By David Morgan and Amanda Becker
WASHINGTON (Reuters) - As a self-imposed mid-week deadline for unveiling a tax-cut bill loomed, Republicans in the U.S. Congress were still grappling with key provisions and some lobbyists expressed concern that a bill might not be ready as expected on Wednesday.
Asked by reporters if Republicans would release a bill or a detailed summary, House of Representatives tax committee Chairman Kevin Brady said: "Our plan right now is the bill."
He added that the number of issues still unresolved was "very, very few," but the Texas Republican did not elaborate.
But other lawmakers and lobbyists said major elements were up in the air.
Questions remained on tax deductions for business interest payments and state and local taxes, as well as proposals to change tax law on retirement savings and small business taxes, they said.
Any significant delay in unveiling a bill could jeopardize the Republicans' goal of getting it through Congress and onto President Donald Trump's desk before January 2018.
In an effort to fulfill 2016 campaign promises and score their first significant legislative achievement since winning the White House and majorities in Congress, Trump and the Republicans have vowed to enact the first comprehensive tax reform since 1986.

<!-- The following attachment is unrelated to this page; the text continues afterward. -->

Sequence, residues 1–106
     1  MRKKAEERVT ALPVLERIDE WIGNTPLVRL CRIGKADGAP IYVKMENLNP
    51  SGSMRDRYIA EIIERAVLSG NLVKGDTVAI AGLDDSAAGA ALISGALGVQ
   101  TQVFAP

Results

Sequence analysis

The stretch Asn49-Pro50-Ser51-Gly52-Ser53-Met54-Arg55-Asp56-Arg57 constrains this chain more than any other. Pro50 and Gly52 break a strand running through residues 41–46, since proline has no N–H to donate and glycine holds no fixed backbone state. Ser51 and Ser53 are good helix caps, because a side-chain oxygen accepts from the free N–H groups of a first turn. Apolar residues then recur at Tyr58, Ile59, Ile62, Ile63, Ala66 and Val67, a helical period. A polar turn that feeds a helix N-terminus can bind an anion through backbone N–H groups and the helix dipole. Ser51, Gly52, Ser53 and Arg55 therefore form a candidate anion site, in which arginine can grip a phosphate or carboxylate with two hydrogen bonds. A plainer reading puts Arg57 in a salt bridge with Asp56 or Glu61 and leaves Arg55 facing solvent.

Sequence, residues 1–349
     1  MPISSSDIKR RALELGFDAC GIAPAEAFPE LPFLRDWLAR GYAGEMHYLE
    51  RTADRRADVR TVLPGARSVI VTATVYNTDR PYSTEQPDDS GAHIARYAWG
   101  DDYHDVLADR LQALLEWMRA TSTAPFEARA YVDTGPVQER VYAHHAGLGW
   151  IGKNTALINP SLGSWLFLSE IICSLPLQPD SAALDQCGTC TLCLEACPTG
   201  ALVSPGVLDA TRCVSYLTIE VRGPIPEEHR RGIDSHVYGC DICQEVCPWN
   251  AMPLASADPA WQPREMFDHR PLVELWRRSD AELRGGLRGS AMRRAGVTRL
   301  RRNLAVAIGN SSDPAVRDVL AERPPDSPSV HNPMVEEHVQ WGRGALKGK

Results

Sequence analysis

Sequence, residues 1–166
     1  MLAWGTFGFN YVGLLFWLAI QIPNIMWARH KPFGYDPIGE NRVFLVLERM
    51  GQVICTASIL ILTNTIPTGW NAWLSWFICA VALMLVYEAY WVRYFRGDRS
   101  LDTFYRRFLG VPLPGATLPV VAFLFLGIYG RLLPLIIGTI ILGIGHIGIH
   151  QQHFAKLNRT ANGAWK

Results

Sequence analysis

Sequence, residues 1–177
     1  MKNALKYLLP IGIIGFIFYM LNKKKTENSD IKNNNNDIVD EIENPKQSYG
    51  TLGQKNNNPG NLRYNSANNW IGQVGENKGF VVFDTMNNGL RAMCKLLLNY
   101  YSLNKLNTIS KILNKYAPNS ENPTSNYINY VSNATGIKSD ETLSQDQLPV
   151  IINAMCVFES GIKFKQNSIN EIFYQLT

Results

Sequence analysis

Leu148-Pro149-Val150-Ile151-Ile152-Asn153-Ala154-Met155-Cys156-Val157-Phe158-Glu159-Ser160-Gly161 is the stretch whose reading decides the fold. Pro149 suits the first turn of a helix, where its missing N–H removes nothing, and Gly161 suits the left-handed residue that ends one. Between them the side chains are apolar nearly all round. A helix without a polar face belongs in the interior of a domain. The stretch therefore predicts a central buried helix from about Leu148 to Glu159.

But their plan for up to $6 trillion in tax cuts for businesses and individuals over a decade faces challenges, not only from Democrats, but from rank-and-file House Republicans.
One example is whether to keep the popular tax deduction for state and local tax (SALT) payments. Over the weekend, Brady said he would preserve the deductibility of property taxes under a potential deal with lawmakers from high-tax states such as New York and New Jersey who oppose ending the SALT deduction.
Analysts say eliminating the SALT deduction would disproportionately hit upper middle-class families in high-income tax states. Republicans from those states alone are numerous enough to derail tax legislation.
Republican Representative Tom Reed of New York said discussions were still "too fluid" on a possible compromise to preserve the deduction for property taxes, but end it for state and local income taxes. "Got to look at the numbers," Reed said.
A lobbying coalition for state and local governments, real estate interests and public unions said over the weekend that the Brady compromise would "unfairly penalize taxpayers in states that rely significantly on income taxes."
Over the weekend, the National Association of Home Builders vowed to defeat the tax bill, saying it would double the standard deduction to $24,000 for married couples and sharply reduce the number of middle-class homeowners claiming the mortgage interest deduction, raising home-ownership costs.
(Reporting by David Morgan and Amanda Becker; Editing by Kevin Drawbaugh and Mary Milliken)